A Novel System Designed to Optimize Communication between Hospitalists and Primary Care Physicians

1Internal Medicine, McLaren Regional Medical Center, Flint, MI
2Internal Medicine, McLaren Regional Medical Center, Flint, MI

Meeting: Hospital Medicine 2008, April 3-5, San Diego, Calif.

Abstract number: 121

Background:

Communication is central to the coordination of quality patient care. Yet studies have documented poor communication among physicians and have associated poor communication with serious adverse outcomes. A recent meta‐analysis revealed that direct communication between hospitals and primary care physicians (PCPs) occurs infrequently (3%‐20%). The availability of a discharge summary at the first postdischarge visit is low (12%‐34%). Furthermore, even when available, discharge summaries often lack important information including test results (33%‐63%), treatment or hospital course (7%‐22%), discharge medications (2%‐40%), test results pending at discharge (65%), and follow‐up plans (2%‐43%).

Purpose:

Our goal was to design and implement a system to optimize communication between our hospitalist service and the primary care physicians and patients it serves.

Description:

We identified that at every critical juncture (admission to the hospital, critical events during the hospitalization and at the time of hospital discharge), 2‐way communication needed to occur between the hospitalist and the primary care physician. We utilized the Royal College of Physicians Informatics Unit's “Draft Standards” to identify critical elements that should be included. In the absence of a “real‐time” electronic medical record, we developed an Access®‐database designed explicitly to feed the communication documents to be faxed to the PCPs' offices. Clerical staff were trained to abstract the chart, perform data entry, print and dispatch our documents after hospitalist validation within 24 hours of admission, discharge, or critical event. Each document invites the PCP to dialogue with the hospitalist through direct dial. The clinical coordinators also provide a copy of the discharge document to the patient.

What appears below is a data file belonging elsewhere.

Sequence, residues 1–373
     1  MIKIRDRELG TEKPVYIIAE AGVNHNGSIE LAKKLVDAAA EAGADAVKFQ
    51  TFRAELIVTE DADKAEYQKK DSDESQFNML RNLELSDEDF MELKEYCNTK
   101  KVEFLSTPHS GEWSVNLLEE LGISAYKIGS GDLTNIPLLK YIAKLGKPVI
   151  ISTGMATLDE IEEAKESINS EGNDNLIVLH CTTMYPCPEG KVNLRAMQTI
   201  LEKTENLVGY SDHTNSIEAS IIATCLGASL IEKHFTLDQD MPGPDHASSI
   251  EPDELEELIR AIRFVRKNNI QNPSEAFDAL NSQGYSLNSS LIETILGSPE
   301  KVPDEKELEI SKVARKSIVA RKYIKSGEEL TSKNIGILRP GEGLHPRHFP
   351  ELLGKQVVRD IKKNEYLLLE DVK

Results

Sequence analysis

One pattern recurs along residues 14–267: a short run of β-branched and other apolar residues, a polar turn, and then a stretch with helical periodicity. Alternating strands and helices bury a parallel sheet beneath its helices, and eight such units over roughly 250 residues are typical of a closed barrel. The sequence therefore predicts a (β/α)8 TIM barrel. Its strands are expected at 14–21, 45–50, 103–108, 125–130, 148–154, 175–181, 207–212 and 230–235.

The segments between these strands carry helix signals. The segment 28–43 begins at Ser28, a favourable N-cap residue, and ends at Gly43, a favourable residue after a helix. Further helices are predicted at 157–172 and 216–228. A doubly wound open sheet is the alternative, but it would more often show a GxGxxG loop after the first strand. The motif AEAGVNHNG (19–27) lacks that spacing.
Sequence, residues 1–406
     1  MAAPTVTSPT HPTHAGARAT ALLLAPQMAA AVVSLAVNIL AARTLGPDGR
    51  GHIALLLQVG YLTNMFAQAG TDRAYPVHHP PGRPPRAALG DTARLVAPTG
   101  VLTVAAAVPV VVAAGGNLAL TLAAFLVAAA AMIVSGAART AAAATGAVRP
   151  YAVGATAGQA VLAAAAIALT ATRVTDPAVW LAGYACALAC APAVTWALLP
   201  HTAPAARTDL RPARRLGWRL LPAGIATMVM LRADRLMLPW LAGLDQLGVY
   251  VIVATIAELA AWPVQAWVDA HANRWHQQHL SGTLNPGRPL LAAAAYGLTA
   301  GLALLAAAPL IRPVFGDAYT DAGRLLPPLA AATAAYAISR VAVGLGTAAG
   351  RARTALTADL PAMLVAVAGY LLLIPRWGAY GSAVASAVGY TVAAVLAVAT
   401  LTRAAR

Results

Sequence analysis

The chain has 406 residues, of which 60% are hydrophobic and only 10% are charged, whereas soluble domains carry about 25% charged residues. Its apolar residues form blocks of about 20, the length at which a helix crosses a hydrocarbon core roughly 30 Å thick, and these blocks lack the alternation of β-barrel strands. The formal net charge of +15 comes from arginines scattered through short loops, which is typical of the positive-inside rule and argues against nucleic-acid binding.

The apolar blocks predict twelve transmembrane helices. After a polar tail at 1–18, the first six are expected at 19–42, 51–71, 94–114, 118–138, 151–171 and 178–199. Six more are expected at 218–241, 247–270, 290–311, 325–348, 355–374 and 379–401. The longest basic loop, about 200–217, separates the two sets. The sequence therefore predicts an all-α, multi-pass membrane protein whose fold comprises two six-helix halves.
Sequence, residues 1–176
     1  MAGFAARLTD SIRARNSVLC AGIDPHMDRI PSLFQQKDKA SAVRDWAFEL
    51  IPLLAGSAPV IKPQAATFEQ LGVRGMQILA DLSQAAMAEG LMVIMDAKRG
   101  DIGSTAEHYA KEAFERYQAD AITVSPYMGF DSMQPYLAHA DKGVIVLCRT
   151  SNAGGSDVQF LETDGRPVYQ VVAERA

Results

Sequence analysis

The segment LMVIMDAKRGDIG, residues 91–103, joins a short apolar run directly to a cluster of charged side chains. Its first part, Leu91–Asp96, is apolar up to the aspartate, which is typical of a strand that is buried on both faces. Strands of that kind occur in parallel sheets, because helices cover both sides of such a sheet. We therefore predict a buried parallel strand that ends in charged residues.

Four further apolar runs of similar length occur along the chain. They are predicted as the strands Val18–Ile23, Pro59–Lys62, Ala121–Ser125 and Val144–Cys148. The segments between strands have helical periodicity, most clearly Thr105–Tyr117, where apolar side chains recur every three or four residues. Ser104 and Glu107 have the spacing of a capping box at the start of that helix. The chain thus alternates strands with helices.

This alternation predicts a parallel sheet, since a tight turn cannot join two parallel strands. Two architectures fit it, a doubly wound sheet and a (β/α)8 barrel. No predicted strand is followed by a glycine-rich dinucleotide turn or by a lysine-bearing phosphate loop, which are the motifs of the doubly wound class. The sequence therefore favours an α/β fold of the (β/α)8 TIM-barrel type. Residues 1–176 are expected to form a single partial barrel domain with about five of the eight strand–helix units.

Conclusions:

The traditional methods of completing and delivering admission and discharge communication are suboptimal for timely communication between hospitals and PCPs. The use of a purposefully designed database, clinical coordinators and hospitalist‐validated communication documents ensures efficient, timely, accurate, and relevant communication to the PCP. Future research will assess the impact of this system on patient and physician satisfaction and ultimately on patient outcomes.

Author Disclosure:

S. Smith, McLaren Regional Medical Center, Employment; H. Sohail, McLaren Regional Medical Center, employment.

To cite this abstract:

Smith S, Sohail H. A Novel System Designed to Optimize Communication between Hospitalists and Primary Care Physicians. Abstract published at Hospital Medicine 2008, April 3-5, San Diego, Calif. Abstract 121. Journal of Hospital Medicine. 2008; 3 (suppl 1). https://www.shmabstracts.com/abstract/a-novel-system-designed-to-optimize-communication-between-hospitalists-and-primary-care-physicians/. Accessed March 20, 2019.

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